One other slightly surprising little satellite-related feature of the 40Z5800 that popped up during installation is the option to tune the built-in satellite tuner for general DVB-S services rather than Freesat. This effectively means any digital satellite TV service that’s free to air, made to the general (rather than Freesat) DVB-S broadcast standard, and carried by the satellites your Freesat dish is pointing at.
Such open-mindedness is really unusual for Sony, and could make the 40Z5800 a hit among the satellite obsessive fraternity out there. And believe us: we know they really are out there.
Those satellite geeks – said affectionately, I promise – should take note, though, that the 40Z5800 doesn’t support simultaneous installation of Freesat and DVB-S services. You have to make your choice and stick with it, as no flitting between the two platforms is allowed post installation.
Other pertinent stuff to quickly run by you without dwelling on it (due to familiarity from the 46Z5500 review) is the 40Z5800’s heavyweight picture processing duo of MotionFlow 200Hz and Bravia Engine 3.
In assessing the 40Z5800’s picture performance, the first thing I decided to check out was not actually how well it does with Freesat fodder. Instead, I headed straight for the darkness of our ”Dead Space” Xbox 360 game, and the relentless night skies of ”30 Days of Night”. For what I wanted to know right from the off – since the answer would colour the tone of the whole review that follows – was if the 40Z5800 suffers from Sony’s oft-reported issues with black level inconsistency.
And… it doesn’t. Well, not in any significant way, anyway. This is an immediate and major relief, since experience suggests that if a recent Sony TV manages to avoid this killer problem, it tends to do rather well.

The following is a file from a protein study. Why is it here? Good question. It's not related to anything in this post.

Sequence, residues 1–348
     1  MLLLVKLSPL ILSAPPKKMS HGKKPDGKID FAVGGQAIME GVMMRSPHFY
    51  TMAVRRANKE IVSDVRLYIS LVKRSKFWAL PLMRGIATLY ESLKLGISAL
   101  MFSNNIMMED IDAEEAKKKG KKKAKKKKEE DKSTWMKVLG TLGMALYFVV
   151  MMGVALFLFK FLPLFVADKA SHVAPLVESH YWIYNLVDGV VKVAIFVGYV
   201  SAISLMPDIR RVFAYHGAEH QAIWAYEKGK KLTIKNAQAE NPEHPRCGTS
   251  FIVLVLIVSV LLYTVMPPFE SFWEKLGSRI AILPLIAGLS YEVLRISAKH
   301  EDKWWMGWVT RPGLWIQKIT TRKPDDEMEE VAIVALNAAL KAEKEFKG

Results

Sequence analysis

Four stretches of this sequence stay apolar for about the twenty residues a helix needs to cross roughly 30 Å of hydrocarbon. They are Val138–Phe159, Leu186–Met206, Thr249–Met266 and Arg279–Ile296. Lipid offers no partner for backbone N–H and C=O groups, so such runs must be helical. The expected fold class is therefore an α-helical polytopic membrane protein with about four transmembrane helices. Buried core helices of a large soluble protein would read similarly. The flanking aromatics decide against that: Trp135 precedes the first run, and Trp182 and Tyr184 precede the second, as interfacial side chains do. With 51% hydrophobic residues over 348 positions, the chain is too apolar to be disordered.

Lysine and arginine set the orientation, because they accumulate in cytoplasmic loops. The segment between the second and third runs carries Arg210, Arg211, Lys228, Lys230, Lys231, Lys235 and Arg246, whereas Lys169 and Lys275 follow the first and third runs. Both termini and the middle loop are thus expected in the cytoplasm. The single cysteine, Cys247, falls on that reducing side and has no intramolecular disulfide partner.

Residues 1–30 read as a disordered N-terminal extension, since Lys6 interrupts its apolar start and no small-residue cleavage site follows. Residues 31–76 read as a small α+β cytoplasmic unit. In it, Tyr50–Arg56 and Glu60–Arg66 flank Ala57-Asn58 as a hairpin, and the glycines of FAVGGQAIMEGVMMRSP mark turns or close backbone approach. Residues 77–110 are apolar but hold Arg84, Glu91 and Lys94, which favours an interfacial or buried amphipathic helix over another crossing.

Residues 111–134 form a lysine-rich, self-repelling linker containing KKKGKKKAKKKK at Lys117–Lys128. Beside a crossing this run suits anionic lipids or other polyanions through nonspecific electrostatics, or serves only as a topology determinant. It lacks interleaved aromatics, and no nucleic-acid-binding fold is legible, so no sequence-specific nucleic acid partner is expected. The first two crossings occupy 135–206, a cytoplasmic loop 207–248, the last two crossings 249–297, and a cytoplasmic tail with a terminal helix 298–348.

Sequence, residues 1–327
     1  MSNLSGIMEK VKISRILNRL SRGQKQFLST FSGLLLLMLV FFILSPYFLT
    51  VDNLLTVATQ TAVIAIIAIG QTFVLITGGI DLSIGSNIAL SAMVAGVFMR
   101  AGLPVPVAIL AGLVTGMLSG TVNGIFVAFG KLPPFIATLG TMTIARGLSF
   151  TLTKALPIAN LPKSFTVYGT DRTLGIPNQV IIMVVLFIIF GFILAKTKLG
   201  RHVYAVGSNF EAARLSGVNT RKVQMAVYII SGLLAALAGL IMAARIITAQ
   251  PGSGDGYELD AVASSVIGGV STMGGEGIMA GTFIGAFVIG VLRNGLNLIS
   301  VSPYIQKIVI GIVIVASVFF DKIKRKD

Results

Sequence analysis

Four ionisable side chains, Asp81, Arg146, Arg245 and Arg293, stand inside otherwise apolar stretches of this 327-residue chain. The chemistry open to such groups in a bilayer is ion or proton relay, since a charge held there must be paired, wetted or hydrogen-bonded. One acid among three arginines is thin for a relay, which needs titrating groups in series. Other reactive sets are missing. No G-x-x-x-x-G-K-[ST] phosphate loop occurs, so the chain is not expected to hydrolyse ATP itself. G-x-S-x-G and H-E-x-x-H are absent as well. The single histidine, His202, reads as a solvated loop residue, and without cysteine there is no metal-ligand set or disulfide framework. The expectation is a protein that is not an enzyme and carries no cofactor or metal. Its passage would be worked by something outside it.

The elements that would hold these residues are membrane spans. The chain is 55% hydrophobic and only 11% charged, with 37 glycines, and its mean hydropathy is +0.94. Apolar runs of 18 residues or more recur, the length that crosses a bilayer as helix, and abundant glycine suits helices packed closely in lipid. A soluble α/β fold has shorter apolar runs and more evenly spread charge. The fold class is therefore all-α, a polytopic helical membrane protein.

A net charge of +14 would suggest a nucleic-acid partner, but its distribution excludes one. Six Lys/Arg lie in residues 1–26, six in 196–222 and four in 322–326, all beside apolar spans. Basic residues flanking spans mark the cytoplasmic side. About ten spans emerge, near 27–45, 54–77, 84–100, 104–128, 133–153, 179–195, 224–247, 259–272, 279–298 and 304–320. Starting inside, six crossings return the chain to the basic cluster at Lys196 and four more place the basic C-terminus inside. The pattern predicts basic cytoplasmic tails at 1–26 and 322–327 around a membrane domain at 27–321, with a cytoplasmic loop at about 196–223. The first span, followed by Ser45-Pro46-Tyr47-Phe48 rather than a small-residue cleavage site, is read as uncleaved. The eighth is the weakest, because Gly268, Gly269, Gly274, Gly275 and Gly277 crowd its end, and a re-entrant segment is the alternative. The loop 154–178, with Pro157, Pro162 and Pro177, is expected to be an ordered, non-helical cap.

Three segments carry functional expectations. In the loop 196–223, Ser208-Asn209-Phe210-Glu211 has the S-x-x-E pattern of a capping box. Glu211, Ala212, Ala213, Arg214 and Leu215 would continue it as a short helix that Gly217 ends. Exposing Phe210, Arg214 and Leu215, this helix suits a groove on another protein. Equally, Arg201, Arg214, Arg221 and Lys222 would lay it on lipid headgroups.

In fact, without strange bright patches to spoil them, dark scenes on the 40Z5800 look really very good indeed by straight LCD (as opposed to LED-backlit LCD) standards. Black colours look black rather than a milky grey, yet the set manages to deliver this without sacrificing so much brightness that large amounts of shadow detail disappear into the darkness.
With light, colourful scenes, meanwhile, the 40Z5800 exhibits Sony’s customary flare for brightness and colour vibrancy, while simultaneously proving able to do subtle tones and colour blends. This subtlety is essential, since it makes pictures feel three-dimensional and realistic rather than flat and cartoonish.
At which point I’d probably better have a look at the all-important Freesat broadcasts! Though actually, there doesn’t seem much to say, to be honest. The TV appears to receive Freesat at least as sensitively as Panasonic’s TVs, and appears to decode them equally as well. In fact, presumably thanks to the 40Z5800’s Bravia Engine 3 processing, I’d say that standard definition Freesat pictures look slightly better – crisper, less noisy – than they do on any of Panasonic’s Freesat LCD TVs that I’ve seen.
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